Some plants from other continents outcompete native plants in our grasslands with devastating and fascinating consequences. Devastating because losses to biodiversity, habitat quality and ecosystem functions occur. Fascinating because invaders challenge our understanding of the forces that structure plant communities and determine ecosystem productivity.
Together with Dr. Dean Pearson at the Rocky Mountain Research Station in Missoula and Dr. Ozkan Eren at Adnan Menderes University in Turkey, we initiated a project to better understand plant invasions. This fall, students Birsen Karakus from Adnan Menderes University and Natasha Boote from University of Montana worked hard to collect plants from between 5 and 10 populations of six target species. They dug up plants, measured shoot dry weight, collected roots and soil, and counted and weighed seeds. This week, we will consolidate the data and see what it can tell us. Do successful invaders grow bigger, produce more and larger seeds, escape enemies, and/or associate with more and better mutualists in their exotic range (Montana) compared to their native range (Turkey)?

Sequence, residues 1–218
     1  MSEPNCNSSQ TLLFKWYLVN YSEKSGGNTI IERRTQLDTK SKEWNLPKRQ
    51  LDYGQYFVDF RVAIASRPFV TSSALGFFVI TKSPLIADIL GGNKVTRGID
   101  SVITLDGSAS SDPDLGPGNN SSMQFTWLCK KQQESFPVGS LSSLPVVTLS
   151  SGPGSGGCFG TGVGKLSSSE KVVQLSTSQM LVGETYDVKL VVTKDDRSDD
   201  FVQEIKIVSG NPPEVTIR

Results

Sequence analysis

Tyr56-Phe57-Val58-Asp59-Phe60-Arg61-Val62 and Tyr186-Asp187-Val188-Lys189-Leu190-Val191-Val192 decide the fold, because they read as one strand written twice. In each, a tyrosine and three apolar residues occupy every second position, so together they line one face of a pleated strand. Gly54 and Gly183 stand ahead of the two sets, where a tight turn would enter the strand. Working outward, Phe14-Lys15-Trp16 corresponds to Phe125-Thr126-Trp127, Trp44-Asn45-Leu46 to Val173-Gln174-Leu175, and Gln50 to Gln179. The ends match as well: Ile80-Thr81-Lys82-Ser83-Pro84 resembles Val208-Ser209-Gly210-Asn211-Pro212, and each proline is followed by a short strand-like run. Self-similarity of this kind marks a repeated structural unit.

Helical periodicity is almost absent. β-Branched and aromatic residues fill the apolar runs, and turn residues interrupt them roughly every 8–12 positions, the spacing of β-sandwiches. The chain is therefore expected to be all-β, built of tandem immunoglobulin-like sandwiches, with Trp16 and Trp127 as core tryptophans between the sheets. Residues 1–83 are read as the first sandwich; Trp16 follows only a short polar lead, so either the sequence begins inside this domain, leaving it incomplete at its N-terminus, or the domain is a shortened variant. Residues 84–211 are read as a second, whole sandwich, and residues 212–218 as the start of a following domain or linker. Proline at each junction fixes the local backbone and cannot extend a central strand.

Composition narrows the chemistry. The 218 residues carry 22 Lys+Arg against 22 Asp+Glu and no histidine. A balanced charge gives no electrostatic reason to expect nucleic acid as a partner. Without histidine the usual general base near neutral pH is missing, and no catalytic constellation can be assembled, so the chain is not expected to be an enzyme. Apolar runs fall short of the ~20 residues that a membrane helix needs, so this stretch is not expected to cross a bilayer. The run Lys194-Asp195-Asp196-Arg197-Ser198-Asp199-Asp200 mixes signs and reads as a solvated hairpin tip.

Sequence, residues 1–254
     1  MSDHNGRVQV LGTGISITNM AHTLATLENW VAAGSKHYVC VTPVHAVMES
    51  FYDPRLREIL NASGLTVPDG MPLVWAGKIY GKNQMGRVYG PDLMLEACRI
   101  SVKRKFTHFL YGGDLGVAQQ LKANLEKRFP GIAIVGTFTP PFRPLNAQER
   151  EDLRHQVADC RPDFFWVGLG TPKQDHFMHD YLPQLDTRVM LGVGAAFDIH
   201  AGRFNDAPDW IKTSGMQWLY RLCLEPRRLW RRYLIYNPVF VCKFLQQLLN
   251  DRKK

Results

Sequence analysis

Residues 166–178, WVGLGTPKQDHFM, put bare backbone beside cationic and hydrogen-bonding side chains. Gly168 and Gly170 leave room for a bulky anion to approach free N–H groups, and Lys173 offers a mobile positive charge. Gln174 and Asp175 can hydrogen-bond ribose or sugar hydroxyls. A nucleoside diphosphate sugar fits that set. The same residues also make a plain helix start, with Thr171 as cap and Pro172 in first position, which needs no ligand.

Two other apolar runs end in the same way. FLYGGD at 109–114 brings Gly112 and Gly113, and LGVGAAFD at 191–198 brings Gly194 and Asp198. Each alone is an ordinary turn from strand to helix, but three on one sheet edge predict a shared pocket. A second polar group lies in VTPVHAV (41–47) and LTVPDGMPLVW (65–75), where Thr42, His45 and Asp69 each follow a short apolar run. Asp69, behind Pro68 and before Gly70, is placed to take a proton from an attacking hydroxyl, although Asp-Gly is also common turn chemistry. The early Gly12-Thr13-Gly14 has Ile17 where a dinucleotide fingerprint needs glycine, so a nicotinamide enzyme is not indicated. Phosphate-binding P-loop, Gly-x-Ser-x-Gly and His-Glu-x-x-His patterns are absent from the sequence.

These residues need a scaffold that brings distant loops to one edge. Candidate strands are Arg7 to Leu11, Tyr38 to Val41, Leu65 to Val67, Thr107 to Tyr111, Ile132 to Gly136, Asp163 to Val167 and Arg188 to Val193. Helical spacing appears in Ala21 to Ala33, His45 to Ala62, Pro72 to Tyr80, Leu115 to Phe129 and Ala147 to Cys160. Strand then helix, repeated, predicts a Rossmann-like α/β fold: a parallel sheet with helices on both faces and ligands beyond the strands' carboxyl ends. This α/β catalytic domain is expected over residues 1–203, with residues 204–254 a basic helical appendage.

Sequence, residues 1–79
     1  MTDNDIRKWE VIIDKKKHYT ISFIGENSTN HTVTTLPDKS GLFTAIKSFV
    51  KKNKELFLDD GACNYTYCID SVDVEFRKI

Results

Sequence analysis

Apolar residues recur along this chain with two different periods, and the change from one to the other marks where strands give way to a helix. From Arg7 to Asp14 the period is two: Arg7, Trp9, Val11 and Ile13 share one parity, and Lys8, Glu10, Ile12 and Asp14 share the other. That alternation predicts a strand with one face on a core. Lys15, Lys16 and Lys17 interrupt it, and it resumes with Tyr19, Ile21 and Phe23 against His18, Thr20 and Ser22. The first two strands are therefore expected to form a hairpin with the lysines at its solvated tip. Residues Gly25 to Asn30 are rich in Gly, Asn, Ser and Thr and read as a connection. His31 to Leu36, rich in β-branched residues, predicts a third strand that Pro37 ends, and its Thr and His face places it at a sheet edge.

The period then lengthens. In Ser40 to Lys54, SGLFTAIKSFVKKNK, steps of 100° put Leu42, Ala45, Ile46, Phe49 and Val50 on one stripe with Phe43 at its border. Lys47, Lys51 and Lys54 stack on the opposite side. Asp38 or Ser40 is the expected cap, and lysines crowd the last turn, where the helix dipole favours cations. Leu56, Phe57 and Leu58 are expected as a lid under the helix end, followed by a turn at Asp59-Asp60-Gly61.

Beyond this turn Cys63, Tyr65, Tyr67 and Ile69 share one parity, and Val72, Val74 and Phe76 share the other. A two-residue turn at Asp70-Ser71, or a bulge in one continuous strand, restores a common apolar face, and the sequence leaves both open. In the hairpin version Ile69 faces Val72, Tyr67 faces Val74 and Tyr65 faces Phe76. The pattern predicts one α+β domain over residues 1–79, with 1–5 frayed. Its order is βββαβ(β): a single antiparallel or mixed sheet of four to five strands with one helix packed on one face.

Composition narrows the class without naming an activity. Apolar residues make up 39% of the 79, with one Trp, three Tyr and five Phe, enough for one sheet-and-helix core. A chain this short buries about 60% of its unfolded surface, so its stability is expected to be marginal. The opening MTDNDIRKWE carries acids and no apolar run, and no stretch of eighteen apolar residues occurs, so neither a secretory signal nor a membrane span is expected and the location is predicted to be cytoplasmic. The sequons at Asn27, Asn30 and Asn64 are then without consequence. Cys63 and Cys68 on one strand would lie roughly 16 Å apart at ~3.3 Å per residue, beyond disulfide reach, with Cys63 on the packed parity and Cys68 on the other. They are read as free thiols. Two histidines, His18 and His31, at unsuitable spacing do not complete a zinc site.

Birsen (left) collected plants and soil in Turkey and Natasha (right) collected plants and soil in Montana. They will consolidate data for their theses, which will help us understand what makes invasive plants so successful in North America.
Ylva graduated from the Swedish University of Agricultural Sciences with a M.Sc. in Biology and Horticulture in 1996 and a Ph.D. in Ecology from Penn State University in 2004. She received the Alumni Association Dissertation Award for her work in agroecology and subsistence farming in Sub-Saharan Africa. Post-doctoral positions at Montana State University and later at Copenhagen University as a Marie Curie Fellow have allowed her to explore the role of mycorrhiza, a root-fungus symbiosis, for geothermal plants in Yellowstone National Park and coastal grasslands in Denmark. Her research has been published in journals such as Ecology, Journal of Ecology and New Phytologist.
Ylva currently works at MPG Ranch as a soil ecologist. She explores the role of mycorrhiza in the success of exotic plants and examines the use of specific pathogens to combat invasions. In her spare time Ylva mountain-bikes, plays soccer, and maintains a large vegetable garden.